Well, I’m not there yet. Though I did start a (free) mailing list/newsletter where I field cooking questions. It’s small for now. If you’re interested, I’d love to have you in the audience. Subscribe at Eat More Plants @

For the purposes of today’s prompt, however, I took a slightly different tack on the “eat more plants” business model and created a meal kit out of one of my go-to meals. Now, I’ve never actually gotten a meal kit–what’s the fun in that? Menu-planning and grocery shopping are basically my hobbies–but I can make up a recipe card. Why not? It’s an excuse to do a bunch of weird photo-editing and layout work, both of which I’m EXTREMELY RUSTY at. (And by “rusty,” I mean it was something I fiddled with in high school, which was almost 20 years ago. Some things have changed.)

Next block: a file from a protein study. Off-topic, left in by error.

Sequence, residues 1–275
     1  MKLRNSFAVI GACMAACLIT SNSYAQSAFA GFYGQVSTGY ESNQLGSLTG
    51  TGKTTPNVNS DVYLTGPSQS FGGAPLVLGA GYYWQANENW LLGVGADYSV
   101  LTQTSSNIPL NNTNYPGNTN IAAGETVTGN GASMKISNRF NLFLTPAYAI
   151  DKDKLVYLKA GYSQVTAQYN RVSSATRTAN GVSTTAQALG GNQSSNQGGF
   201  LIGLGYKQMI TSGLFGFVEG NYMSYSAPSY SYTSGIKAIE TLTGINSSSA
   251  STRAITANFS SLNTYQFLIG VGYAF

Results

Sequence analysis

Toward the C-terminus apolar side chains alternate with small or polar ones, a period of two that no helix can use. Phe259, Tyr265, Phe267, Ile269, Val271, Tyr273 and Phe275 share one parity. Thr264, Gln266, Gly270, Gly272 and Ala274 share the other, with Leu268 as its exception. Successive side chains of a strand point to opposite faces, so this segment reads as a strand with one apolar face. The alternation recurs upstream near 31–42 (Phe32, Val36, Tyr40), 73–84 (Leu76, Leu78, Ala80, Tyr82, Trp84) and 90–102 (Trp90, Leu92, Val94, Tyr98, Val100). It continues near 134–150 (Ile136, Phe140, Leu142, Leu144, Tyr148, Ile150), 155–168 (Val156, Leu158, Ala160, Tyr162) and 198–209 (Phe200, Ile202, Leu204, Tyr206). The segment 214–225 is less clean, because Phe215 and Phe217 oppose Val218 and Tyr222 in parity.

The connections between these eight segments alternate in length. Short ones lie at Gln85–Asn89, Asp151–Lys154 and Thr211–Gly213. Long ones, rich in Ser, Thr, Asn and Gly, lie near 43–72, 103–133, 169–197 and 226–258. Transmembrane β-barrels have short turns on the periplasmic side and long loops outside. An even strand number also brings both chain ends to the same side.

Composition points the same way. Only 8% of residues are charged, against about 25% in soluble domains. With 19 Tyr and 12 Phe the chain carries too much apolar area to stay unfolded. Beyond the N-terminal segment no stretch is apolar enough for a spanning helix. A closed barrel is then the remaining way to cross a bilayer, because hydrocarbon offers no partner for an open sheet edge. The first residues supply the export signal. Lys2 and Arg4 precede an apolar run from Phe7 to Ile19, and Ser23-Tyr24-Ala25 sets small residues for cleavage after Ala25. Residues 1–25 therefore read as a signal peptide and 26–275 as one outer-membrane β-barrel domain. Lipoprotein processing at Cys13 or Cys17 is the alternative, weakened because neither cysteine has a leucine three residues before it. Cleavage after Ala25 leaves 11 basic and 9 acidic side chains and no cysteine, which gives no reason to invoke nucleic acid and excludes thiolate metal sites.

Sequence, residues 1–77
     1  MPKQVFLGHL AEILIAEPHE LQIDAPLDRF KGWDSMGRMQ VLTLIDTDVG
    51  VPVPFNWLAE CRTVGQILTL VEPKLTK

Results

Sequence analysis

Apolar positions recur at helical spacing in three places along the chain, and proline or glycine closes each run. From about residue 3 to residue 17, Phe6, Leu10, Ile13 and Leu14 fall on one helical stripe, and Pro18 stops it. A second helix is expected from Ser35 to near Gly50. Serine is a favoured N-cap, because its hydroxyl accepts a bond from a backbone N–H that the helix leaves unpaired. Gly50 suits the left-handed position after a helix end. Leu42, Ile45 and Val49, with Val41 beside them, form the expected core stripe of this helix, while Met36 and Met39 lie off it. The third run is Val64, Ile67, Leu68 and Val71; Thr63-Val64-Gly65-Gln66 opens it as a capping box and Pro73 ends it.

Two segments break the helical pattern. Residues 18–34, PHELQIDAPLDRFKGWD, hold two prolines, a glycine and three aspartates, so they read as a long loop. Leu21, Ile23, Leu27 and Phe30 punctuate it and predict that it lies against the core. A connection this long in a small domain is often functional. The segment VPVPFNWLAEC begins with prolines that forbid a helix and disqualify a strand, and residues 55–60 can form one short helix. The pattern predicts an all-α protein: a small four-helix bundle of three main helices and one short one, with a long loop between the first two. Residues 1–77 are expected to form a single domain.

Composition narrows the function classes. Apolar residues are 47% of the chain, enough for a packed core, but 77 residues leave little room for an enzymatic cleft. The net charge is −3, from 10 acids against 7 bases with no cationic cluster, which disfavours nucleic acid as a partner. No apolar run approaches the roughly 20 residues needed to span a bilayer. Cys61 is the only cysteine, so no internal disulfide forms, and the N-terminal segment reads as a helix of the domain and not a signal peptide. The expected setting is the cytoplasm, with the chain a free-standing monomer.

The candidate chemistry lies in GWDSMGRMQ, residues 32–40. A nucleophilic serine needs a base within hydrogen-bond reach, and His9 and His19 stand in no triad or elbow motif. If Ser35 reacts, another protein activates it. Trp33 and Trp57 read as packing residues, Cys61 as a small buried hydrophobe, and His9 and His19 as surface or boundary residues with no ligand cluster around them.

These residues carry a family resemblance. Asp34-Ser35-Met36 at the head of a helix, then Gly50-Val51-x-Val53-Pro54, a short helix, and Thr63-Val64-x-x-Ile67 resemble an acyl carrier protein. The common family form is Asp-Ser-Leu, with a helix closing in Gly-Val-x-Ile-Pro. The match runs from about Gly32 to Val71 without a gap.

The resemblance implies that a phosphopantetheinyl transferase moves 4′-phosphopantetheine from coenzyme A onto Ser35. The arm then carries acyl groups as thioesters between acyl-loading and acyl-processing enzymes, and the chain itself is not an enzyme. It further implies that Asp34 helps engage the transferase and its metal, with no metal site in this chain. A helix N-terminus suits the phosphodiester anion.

Since I can’t actually make you a meal kit, I gotta tell you what to get so you can follow the instructions!

You will need:

  • 1 bunch of kale
  • salt
  • 1 package of tofu
  • soy sauce
  • olive oil
  • 1 cup of quinoa
  • tahini
  • hot sauce
  • 1 clove of garlic
  • 1 lemon
  • nutritional yeast
  • water


  • Saucepan with lid or rice cooker
  • Saute pan or skillet with lid
  • Baking dish
  • Citrus reamer (or another way to strain out lemon seeds)
  • Dressing shaker or a cup/small bowl and a whisk
  • Measuring cups
  • Spatula
  • Spoon or rice paddle
  • Tongs
  • Knife
  • Microplane zester or garlic press (optional, but very handy)

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#VeganMoFo Day 4: Don’t Order Me a “Vegan” Option, I’ll Go Ahead And Brown-Bag It